At 9 A.M. on the morning of December 30, we gathered at Ben's. The foursome was Ben, Rick, Kelly (her second time joining us) and myself.
'twas an unusual game day, because for once none of us had to be anywhere immediately after, and none of us were especially bleary-eyed from long hours of office work. I was taking the holiday week off, Kelly had been given the day off, and both Ben and Rick were on a break from teaching. So it was an unusually relaxed game day, each of us playing with the luxury of knowing that we could enjoy ourselves pretty much as long as we wanted.
Kelly was delayed a bit by traffic, so Rick made his selection while we waited. Rick selected Modern Art with the deliberate purpose of selecting something we had all played before. Suited me because I was dying to play it again.
The first round was a strange one, with 5 of Krypto's paintings going very fast. Good for me -- I'd invested aggressively in Krypto. The only other paintings to sell were 1 by Yoko and 1 by Christin P.
In the second round, I began to get a vague sense that Ben was my main competition, as he seemed to be employing similar selling strategies to mine. But this proved to be a miscalculation. His situation looked superficially similar, but he was getting himself into trouble.
In this round, Christin P's 5 paintings nosed out Yoko's 4 and Krypto's 4. Again, the same three artists placed, although in reverse order; thus, each artist's paintings were worth $40 K.
In round 3, Karl Gitter made his first and only appearance, but he didn't place, leaving both Ben and Kelly holding worthless paintings. My memory told me that Rick had been left holding worthless paintings also, but that wasn't true. Had I remembered that, I might have better realized the developing situation.
Once again Yoko and Christin P sold well in the third round (5 paintings and 4, respectively), with Lite Metal also selling 4. Krypto sold but 2 -- come to think of it, I think it was Krypto's paintings that Rick held that turned out to be valueless.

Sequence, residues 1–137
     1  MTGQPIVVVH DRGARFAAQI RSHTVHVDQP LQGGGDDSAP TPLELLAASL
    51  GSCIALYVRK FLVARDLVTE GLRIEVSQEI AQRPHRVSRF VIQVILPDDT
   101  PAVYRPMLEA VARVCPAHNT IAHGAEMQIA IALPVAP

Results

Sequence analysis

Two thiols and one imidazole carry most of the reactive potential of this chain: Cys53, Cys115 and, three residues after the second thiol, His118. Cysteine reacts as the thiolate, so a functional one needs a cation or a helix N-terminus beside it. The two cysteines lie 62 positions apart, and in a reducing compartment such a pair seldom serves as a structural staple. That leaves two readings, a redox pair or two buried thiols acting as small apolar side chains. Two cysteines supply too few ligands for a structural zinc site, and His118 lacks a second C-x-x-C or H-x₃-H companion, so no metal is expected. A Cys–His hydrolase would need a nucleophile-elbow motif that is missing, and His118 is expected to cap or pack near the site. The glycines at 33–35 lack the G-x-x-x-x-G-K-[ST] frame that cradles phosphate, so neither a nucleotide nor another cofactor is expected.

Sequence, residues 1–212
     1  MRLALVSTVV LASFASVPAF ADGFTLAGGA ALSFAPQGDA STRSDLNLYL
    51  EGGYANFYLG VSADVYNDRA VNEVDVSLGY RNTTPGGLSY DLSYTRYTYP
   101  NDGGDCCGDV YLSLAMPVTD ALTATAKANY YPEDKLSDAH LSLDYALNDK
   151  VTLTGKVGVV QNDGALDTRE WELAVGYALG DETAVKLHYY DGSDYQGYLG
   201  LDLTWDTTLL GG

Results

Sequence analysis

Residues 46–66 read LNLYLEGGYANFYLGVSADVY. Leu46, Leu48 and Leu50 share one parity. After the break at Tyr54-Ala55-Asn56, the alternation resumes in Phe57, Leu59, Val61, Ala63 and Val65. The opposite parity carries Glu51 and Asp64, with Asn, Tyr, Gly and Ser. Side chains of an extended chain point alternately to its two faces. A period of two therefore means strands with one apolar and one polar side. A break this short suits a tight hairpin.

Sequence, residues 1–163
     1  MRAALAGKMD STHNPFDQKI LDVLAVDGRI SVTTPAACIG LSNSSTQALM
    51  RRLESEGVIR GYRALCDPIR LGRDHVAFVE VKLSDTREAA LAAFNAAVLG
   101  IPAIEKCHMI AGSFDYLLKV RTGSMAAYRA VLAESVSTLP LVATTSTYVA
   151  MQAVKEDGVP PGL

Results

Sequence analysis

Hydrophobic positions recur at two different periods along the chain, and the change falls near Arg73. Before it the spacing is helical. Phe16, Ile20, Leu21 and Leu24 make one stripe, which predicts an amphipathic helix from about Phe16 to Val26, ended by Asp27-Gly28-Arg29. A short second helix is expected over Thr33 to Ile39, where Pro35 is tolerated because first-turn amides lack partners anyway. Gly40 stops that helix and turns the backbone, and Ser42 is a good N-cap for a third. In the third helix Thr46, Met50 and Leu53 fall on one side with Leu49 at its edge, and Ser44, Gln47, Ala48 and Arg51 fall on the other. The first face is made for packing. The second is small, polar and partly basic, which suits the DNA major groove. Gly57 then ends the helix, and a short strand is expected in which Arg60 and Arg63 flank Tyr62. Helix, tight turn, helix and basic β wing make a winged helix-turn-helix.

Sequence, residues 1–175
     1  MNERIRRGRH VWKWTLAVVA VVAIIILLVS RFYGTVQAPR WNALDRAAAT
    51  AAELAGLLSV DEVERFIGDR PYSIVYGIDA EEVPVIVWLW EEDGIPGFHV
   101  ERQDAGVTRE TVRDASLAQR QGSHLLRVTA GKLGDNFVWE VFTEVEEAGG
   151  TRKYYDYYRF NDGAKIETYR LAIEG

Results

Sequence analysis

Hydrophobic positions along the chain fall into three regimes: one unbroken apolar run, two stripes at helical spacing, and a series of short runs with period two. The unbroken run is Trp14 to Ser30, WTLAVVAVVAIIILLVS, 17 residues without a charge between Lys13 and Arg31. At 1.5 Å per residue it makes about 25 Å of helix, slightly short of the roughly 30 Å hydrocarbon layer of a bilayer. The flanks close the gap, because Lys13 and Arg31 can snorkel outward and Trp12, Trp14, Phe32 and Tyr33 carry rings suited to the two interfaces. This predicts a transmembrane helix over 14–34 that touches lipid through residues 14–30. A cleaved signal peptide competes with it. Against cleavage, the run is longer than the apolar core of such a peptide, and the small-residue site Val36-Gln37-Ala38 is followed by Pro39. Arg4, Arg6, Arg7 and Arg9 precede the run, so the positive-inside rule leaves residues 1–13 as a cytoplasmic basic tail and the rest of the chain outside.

That presented a weird situation in the last round. Christin P was pretty well depleted, as was Yoko. I was holding a ton of Karl Gitter cards, as Karl hadn't turned a profit the entire game. But Yoko came out of the gate with a double, which Ben bought. He then offered a third Yoko -- she wasn't going to amount to much, but I got her dirt cheap and hoped the round could end before the other artists passed her up (I don't believe there was a single Yoko left to sell.) Fortunately it worked out OK.
Lite Metal was the leading seller in the final round, though Yoko's brought the biggest price -- $80 K per painting.
As we counted up our winnings, the consensus was that I had kicked butt. I agreed with that consensus -- until the numbers were in. Turned out Rick had won!
Not entirely clear to me how Rick did it; I believe he was stuck with a few valueless paintings, which I had not. And, each round, I had invested very well, accurately predicting and seemingly controlling whose paintings proved most valuable.
What may have happened was that Rick held the more lucrative auctions. I occasionally sold some very cheap paintings, trying to throw others off. I don't think Rick did that; every painting he sold went for a bundle.
Well played by Rick. For me, my third second-place finish in four games.